Field Notes: Buenos Aires, Argentina

12/12/2011 § 7 Comments

Palermo Soho

Plaza de Mayo

Mausoleum of General San Martín, Buenos Aires Metropolitan Cathedral

Mercado de San Telmo

Museum ships

Argentine Polo Open

Recoleta Cemetary

Field Notes: Buenos Aires

As you may recall, I recently returned from a trip to Buenos Aires and I have been raving about the city to anyone who will listen.  The word amazing has definitely been bandied about quite a bit.  Simultaneously cosmopolitan and relaxing, the city makes for a perfect destination when the northern hemisphere turns to winter.  With the exchange rate currently in my favor (~4.6 pesos to the dollar), it was an affordable escape as well.  Of course, I am plotting my return trip as we speak…

I recommend staying in one of the Palermo neighborhoods: Hollywood or Soho.  The neighborhoods are named for their resemblance to the American cities with the same name: Soho with its bustling shopping and dining, Hollywood with its concentration of the city’s media companies.  I stayed in Palermo Soho and found it to be well located and felt exceptionally safe after dark.  It is, however, a bit of a walk to the Subte (subway), but taxis are plentiful and quite affordable.  Instead of staying in a hotel, I rented a flat, which is definitely the most cost-effective option.  Through Buenos Aires Rents, I found a sparkling clean studio in a brand new building with 24-hour doorman service, laundry, gym and roof deck with a pool, for a little over $60 per night.  While renting a flat means you don’t have a concierge on hand at all times, the folks at Buenos Aires Rents were always immediately available for my questions and also offer car service for airport transfers.  If you are the type that requires daily room service, take a look at Esplendor Palermo Soho, which was darling and directly around the corner from where I stayed.

Next time, I will definitely stay at the Hotel del Casco, which is actually in San Isidro, a bit north of Buenos Aires proper.  An exceptionally beautiful, 1890s neoclassical palazzo that was formerly the summer home of an aristocratic family, the Hotel del Casco has been converted into a gorgeous 20 room hotel that retains much of its original 19th century aesthetic.

Hotel del Casco.  Perfection.

Buenos Aires is a city that easily lends itself to cafe lingering and meandering.  I spent many lovely, lazy mornings people-watching over coffee and toast topped with dulce de leche in corner cafes.  Afternoons were for siestas.  Evenings were for late and lengthy dinners of steak and malbec.   But should you be more itinerary-minded, there is plenty to do.  Visit one of the many art museums, go to the Plaza de Mayo and see the Casa Rosada, shop for antiques in the San Telmo market on Sundays, board the museum ships of Puerto Madero, and visit the massive Recoleta Cemetary (where you can find the tomb of Eva Peron).  I especially recommend Graffitimundo, a great tour of Buenos Aires street art and graffiti, for an inside look at a burgeoning art scene and neighborhoods a bit off the normal tourist route.  If you go in mid-November as I did, you can catch the Argentine Polo Open, which I quite enjoyed.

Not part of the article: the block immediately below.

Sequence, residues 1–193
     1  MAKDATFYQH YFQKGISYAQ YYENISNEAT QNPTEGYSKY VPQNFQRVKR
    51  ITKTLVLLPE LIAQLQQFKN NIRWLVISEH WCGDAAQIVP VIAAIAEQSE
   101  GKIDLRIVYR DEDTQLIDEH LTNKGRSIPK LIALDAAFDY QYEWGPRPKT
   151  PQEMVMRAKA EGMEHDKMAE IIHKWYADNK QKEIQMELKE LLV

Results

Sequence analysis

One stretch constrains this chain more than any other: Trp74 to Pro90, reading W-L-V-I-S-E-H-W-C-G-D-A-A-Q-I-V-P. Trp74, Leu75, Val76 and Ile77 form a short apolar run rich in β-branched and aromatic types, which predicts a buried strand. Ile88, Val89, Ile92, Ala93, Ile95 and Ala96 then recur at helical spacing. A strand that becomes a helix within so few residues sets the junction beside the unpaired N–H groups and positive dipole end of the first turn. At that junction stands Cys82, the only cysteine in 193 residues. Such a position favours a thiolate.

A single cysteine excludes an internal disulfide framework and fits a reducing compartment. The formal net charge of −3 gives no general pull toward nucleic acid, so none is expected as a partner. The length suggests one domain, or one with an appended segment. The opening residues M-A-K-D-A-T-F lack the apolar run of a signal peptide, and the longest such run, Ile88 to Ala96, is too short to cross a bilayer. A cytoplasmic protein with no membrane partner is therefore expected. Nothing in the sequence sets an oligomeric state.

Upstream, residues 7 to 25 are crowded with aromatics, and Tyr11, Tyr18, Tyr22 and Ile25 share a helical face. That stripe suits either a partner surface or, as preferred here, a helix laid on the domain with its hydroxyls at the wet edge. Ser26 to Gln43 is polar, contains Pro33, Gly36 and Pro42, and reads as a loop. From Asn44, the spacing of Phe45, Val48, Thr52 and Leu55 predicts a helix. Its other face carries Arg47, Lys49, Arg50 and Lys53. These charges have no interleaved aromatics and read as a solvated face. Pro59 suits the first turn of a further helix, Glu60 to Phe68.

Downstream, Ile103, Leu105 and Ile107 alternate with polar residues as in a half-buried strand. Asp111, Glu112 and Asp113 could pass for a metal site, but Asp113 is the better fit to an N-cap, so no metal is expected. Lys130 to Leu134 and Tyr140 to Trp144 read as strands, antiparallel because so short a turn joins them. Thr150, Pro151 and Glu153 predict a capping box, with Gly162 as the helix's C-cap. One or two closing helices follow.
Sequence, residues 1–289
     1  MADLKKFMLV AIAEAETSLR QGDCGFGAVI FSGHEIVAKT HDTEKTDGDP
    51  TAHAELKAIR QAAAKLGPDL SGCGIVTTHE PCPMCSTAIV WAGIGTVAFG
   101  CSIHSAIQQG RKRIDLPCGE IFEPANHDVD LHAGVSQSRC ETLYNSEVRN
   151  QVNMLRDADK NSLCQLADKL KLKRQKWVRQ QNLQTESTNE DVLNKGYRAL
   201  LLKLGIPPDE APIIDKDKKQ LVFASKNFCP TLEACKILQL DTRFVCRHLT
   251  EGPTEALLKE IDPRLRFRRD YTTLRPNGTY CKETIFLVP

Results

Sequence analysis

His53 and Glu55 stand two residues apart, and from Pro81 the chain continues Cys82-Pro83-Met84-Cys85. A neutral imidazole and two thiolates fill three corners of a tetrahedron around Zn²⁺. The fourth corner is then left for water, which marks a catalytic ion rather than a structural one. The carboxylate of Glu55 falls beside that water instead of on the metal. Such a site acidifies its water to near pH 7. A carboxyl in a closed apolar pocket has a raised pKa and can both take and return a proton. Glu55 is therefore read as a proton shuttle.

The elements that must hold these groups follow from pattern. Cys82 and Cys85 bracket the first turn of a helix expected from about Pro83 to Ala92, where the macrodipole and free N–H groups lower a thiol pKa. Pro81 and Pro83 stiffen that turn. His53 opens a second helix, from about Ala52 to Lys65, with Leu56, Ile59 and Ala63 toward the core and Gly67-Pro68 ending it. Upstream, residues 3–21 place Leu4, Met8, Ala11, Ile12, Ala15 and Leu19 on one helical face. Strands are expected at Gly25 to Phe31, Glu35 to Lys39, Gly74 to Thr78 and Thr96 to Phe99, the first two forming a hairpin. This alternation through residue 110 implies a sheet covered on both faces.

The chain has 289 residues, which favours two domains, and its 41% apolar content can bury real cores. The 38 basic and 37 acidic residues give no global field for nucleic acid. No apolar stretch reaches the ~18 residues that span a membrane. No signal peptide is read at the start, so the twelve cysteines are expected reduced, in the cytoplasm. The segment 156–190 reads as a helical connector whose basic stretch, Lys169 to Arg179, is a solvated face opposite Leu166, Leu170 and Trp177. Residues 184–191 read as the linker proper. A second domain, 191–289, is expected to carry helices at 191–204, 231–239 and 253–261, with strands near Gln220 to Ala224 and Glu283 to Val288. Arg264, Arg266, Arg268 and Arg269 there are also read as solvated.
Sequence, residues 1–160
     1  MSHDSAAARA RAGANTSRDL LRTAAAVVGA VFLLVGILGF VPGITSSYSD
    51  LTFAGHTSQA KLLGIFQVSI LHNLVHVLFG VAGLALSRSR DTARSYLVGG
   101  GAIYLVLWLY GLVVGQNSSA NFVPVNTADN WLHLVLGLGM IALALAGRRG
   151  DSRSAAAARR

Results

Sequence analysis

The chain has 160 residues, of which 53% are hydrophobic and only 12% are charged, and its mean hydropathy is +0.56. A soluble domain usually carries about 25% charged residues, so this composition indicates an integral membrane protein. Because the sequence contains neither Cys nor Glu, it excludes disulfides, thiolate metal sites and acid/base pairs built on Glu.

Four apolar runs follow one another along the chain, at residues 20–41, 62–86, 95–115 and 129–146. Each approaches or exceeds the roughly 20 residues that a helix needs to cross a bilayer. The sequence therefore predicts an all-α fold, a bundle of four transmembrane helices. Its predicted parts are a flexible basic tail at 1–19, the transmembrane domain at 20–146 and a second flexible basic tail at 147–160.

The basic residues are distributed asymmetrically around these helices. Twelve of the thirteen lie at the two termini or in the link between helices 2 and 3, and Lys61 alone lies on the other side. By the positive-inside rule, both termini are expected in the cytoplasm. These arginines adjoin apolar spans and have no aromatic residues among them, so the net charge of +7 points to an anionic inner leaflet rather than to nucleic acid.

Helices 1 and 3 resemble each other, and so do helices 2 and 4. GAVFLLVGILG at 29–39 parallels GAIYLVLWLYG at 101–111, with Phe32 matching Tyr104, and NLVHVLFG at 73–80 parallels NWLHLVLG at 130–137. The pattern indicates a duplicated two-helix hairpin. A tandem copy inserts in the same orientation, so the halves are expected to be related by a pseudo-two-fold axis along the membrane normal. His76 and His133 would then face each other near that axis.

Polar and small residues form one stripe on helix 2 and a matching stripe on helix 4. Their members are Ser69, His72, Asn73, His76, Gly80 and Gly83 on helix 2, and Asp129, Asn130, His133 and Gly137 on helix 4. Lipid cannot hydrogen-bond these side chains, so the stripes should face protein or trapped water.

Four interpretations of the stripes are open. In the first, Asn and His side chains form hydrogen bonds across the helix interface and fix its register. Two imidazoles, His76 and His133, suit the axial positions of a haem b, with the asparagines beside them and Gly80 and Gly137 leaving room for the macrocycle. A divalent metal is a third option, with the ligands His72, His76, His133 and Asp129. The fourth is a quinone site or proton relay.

As for cuisine, Buenos Aires is widely known for their red meat and red wine.  I had fantastic meals at Don Julio (Guatemala 4691 in Palermo Soho) and El Trapiche (Paraguay 5099 in El Centro).  I also dined at what is widely considered the best restaurant in town, Cabaña Las Lilas (A.M. de Justo 516 in Puerto Madero).  While Cabaña Las Lilas was quite good and takes full advantage of their picturesque setting, I definitely preferred the atmosphere of Don Julio and El Trapiche, both of which felt more locally authentic and less touristy.  It is also worth noting that most of my dinners — with multiple courses and wine — tended to run between $25 and $40 per person.  Also, make sure not to miss Cafe Tortoni (Avenida De Mayo 825), the oldest coffee shop in all of Argentina, founded in 1858.

Parting notes: WiFi is plentiful in the city so no need to run up massive roaming data charges. // Bring the plug adapter for Australia and not the one marked “South America.”  For some reason, Argentina uses slanted prongs unlike the rest of the continent. // You won’t need a visa, but upon arrival you will have to pay a fee equal to the amount the US charges Argentines for US visas.  Currently that amount is $140, but it will also cover any other entries over the next ten years.

You can see the rest of my photos from Buenos Aires here.

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§ 7 Responses to Field Notes: Buenos Aires, Argentina

  • becs says:

    LOVE these photos and you’ve convinced me I must add Buenos Aires to my list of future destinations. That’s so fun that you got to attend the Polo Open too!

  • Rafa. says:

    This city has a piece of my heart

  • Mila says:

    Glad you enjoyed your stay 😛
    It’s nice to see a turist’s view on the city once in a while ^^.

    • I had an amazing time! I can’t wait to return…

      • Mila says:

        I’m madly in love with my city. I know it, and it’s history very well because of it.
        But I do recommend you visit other parts of Argentina as well. Places like Cordoba, Mendoza, Salta, Misiones, Chubut… Well, almost every province has it’s place that can literaly take your breath away. There’s a great variety to choose from.
        Anyways, if you do come back to Buenos Aires, then I recommend you take a walk around Barrancas de Belgrano, and drink some mates at the plaza there. Nothing better for a nice afternoon.
        Good luck!

      • Wow – thanks for the great tips! And I definitely would love to see more of Argentina the next time I am there.

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